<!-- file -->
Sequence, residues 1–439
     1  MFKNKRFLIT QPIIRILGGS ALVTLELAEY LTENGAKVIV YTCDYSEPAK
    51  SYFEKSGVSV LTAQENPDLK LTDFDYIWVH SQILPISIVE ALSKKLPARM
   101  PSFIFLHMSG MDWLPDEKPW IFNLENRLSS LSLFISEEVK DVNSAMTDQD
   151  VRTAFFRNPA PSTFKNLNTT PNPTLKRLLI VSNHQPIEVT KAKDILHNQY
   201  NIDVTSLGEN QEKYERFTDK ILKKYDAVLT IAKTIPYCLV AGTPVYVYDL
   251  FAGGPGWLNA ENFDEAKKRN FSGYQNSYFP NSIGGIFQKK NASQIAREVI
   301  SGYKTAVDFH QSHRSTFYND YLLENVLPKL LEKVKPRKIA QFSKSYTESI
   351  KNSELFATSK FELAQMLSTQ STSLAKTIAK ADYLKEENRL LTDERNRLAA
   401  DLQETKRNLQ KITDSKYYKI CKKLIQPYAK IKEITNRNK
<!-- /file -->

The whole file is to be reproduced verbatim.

Sequence, residues 1–439
     1  MFKNKRFLIT QPIIRILGGS ALVTLELAEY LTENGAKVIV YTCDYSEPAK
    51  SYFEKSGVSV LTAQENPDLK LTDFDYIWVH SQILPISIVE ALSKKLPARM
   101  PSFIFLHMSG MDWLPDEKPW IFNLENRLSS LSLFISEEVK DVNSAMTDQD
   151  VRTAFFRNPA PSTFKNLNTT PNPTLKRLLI VSNHQPIEVT KAKDILHNQY
   201  NIDVTSLGEN QEKYERFTDK ILKKYDAVLT IAKTIPYCLV AGTPVYVYDL
   251  FAGGPGWLNA ENFDEAKKRN FSGYQNSYFP NSIGGIFQKK NASQIAREVI
   301  SGYKTAVDFH QSHRSTFYND YLLENVLPKL LEKVKPRKIA QFSKSYTESI
   351  KNSELFATSK FELAQMLSTQ STSLAKTIAK ADYLKEENRL LTDERNRLAA
   401  DLQETKRNLQ KITDSKYYKI CKKLIQPYAK IKEITNRNK